The legislative history of section 202(d) is contrary to Harley-Davidson's claim. The Senate Report explains that the approach used in the 1970 Clean Air Act, while "reasonable" for automobiles and trucks, "is clearly inadequate for motorcycles."10 The Report also recognizes that, although motorcycles have a shorter road life than automobiles and trucks, they constitute a serious source of pollution "requir(ing) effective controls."11 The Report therefore concludes that EPA should be given flexibility "to establish a reasonable mileage standard for motorcycles . . . based upon (EPA's) judgment of what is reasonable."12 The House Conference Report accepted the Senate's decision to leave to EPA the definition of "useful life" for motorcycles.13

6

Harley-Davidson also argues that whatever discretion EPA may have in defining "useful life," it cannot establish more stringent emissions regulations for motorcycles than those for automobiles. Congress, however, has not required EPA to set comparable emissions standards for motorcycles and automobiles. EPA's mandate is to prescribe emissions regulations for motor vehicles whenever such vehicles contribute to air pollution that endangers the public health or welfare.14 In devising the regulations at issue here, the record amply demonstrates that EPA fully considered alternative emissions control levels before electing "to obtain the maximum emission reduction which the technology allows, giving appropriate consideration to the cost of compliance."15 The agency's action comports with its statutory mandate.

7

When Congress enacted the Clean Air Act Amendments in 1977, it was aware that EPA already had promulgated motorcycle emissions regulations. The Conference Report makes explicit reference to the motorcycle emissions standards that "the Administrator (of EPA) recently promulgated" and then endorses these regulations, stating:

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8

The conferees intend that EPA's promulgated approach is consistent with the authority granted in (section 202(d) of the Clean Air Act of 1970).16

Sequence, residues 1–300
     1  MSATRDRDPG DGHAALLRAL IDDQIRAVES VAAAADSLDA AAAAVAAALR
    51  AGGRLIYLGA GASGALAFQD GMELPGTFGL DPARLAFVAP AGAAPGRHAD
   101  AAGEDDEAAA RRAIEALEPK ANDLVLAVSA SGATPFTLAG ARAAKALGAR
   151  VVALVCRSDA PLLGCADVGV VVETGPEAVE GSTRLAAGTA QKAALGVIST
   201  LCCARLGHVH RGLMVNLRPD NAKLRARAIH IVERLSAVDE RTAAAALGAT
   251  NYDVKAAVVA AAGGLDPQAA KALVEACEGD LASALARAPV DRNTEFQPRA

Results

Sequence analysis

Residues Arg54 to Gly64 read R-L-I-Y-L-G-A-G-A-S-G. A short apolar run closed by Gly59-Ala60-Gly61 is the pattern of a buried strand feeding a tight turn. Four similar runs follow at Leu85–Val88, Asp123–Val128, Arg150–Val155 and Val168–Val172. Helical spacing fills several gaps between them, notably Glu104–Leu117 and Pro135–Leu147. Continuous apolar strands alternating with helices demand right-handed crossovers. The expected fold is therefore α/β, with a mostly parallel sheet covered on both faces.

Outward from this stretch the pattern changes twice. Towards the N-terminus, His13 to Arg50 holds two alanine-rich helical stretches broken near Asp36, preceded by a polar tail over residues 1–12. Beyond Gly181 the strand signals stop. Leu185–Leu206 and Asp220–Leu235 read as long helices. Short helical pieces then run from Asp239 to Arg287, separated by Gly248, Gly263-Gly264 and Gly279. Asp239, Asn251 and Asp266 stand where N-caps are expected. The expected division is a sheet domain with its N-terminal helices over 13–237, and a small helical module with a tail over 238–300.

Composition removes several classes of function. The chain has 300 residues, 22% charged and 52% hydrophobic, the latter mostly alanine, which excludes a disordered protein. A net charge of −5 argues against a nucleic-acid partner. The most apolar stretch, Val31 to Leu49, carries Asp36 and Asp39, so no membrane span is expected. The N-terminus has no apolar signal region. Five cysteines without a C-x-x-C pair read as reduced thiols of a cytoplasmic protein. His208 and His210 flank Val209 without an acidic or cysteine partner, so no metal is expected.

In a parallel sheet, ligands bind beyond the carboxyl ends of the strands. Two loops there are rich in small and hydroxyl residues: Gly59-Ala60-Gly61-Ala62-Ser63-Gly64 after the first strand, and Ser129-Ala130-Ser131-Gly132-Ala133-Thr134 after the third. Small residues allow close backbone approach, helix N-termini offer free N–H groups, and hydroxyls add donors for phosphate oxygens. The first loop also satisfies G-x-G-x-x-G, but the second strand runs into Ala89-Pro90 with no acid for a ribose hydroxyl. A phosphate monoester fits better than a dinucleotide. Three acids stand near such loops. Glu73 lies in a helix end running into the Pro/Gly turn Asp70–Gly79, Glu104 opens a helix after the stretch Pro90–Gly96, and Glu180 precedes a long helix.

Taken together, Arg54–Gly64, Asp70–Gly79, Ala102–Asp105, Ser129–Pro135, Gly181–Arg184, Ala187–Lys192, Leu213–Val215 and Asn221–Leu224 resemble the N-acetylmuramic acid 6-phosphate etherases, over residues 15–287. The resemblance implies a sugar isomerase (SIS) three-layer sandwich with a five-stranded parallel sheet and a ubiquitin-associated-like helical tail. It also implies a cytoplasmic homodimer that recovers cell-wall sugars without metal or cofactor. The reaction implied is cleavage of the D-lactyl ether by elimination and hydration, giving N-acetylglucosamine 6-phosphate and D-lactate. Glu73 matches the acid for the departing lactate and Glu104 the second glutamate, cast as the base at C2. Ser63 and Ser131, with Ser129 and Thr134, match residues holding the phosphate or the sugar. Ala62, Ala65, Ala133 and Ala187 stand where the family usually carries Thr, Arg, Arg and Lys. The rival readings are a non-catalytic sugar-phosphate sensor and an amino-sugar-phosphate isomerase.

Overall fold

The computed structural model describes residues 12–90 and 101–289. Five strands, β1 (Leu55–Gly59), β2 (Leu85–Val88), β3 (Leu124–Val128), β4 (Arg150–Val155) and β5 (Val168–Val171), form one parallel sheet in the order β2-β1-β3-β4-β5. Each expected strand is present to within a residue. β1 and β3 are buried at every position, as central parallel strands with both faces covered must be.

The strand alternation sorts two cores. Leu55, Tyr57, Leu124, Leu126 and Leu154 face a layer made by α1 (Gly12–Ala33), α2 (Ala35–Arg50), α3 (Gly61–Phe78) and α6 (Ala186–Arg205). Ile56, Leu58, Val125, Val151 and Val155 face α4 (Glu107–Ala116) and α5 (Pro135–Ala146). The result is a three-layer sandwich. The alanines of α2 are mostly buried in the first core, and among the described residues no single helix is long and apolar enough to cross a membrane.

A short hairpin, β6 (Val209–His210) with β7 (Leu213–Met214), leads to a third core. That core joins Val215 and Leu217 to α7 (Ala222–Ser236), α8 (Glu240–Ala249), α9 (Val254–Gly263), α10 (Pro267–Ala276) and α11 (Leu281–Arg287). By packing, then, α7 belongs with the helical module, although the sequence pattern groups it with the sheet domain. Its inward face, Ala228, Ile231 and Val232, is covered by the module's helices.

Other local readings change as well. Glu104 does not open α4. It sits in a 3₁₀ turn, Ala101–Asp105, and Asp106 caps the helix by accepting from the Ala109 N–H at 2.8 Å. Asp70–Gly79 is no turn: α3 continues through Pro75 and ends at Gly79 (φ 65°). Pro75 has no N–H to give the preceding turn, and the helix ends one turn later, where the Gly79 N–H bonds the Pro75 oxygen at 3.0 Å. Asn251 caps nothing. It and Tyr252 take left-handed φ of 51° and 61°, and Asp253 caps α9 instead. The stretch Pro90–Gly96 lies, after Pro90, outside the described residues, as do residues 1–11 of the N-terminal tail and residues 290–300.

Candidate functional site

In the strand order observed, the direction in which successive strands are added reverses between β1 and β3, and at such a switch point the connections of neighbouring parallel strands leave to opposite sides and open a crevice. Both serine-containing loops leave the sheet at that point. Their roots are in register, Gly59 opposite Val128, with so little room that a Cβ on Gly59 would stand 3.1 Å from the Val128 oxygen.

9

This unequivocal statement demonstrates that Congress did not intend to constrain EPA in the fashion urged by the petitioner. We conclude, therefore, that EPA acted within its statutory authority when it formulated the definition of "useful life."

II.

THE RULEMAKING RECORD

10

Harley-Davidson also contends that EPA's choice of definition for "useful life" is unsupported in the record and results in an unworkable public policy. We consider these contentions mindful that where "a rational basis exists for the agency decision," the reviewing court must affirm so long as the agency decision was "based on a consideration of relevant factors." Citizens to Preserve Overton Park v. Volpe, 401 U.S. 402, 416, 91 S.Ct. 814, 824, 28 L.Ed.2d 136 (1971).

11

The rulemaking process extended over nearly a four year period. EPA first alerted manufacturers that it was considering a definition of motorcycle useful life based on average distance travelled when the agency issued an Advance Notice of Proposed Rulemaking (Advance Notice) on January 17, 1974.17 Approximately twenty-one months later EPA published a Notice of Proposed Rulemaking (Notice) expressing its intention to define "useful life" in terms of "the average distance a motorcycle may be expected to travel in its lifetime."18 EPA extended the comment period to January 30, 1976,19 and, on June 23, 1976, held a special meeting with motorcycle manufacturers to discuss a near-final draft of the regulations.20